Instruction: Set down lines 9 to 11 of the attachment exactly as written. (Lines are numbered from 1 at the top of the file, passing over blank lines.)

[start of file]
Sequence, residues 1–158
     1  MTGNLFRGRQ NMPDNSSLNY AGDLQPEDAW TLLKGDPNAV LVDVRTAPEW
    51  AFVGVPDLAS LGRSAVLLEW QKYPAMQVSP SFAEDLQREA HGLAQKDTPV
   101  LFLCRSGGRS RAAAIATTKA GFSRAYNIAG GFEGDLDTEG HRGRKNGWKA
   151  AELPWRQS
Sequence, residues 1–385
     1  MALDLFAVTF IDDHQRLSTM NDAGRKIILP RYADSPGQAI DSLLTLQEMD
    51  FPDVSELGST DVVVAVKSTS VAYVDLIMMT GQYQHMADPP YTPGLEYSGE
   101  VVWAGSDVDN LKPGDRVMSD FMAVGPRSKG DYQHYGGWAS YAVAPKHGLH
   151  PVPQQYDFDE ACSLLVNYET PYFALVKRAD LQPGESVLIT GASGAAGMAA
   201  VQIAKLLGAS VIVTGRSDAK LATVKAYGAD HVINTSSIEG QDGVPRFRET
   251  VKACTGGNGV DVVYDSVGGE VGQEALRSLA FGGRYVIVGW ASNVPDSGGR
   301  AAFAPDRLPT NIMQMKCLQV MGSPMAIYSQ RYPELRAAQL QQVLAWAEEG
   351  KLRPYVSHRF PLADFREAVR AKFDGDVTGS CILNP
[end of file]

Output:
   101  VVWAGSDVDN LKPGDRVMSD FMAVGPRSKG DYQHYGGWAS YAVAPKHGLH
   151  PVPQQYDFDE ACSLLVNYET PYFALVKRAD LQPGESVLIT GASGAAGMAA
   201  VQIAKLLGAS VIVTGRSDAK LATVKAYGAD HVINTSSIEG QDGVPRFRET